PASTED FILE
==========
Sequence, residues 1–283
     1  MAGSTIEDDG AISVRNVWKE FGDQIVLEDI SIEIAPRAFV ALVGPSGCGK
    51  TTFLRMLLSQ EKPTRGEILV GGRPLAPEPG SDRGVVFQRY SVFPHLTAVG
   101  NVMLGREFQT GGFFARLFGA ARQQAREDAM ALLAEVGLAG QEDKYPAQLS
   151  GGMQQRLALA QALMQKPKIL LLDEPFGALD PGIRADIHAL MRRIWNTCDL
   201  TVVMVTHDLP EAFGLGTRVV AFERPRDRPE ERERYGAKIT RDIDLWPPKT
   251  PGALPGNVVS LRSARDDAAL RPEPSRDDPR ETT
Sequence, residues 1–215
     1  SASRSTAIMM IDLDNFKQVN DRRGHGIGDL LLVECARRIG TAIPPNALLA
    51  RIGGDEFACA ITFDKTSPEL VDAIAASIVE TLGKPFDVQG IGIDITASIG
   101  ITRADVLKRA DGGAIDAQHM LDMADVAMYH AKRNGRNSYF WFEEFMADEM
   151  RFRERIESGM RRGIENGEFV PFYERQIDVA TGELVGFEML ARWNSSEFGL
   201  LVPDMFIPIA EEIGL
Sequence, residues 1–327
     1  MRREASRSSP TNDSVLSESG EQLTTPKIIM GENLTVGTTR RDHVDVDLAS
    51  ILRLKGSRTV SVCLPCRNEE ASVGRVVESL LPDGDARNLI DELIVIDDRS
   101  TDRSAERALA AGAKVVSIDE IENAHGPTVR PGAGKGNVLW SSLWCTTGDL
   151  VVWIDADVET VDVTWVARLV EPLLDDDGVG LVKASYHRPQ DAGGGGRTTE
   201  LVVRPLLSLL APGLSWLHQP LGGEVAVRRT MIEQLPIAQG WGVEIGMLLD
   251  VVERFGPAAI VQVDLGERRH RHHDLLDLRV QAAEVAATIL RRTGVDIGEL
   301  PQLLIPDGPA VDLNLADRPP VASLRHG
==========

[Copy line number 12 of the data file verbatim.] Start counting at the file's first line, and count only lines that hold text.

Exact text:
   151  RFRERIESGM RRGIENGEFV PFYERQIDVA TGELVGFEML ARWNSSEFGL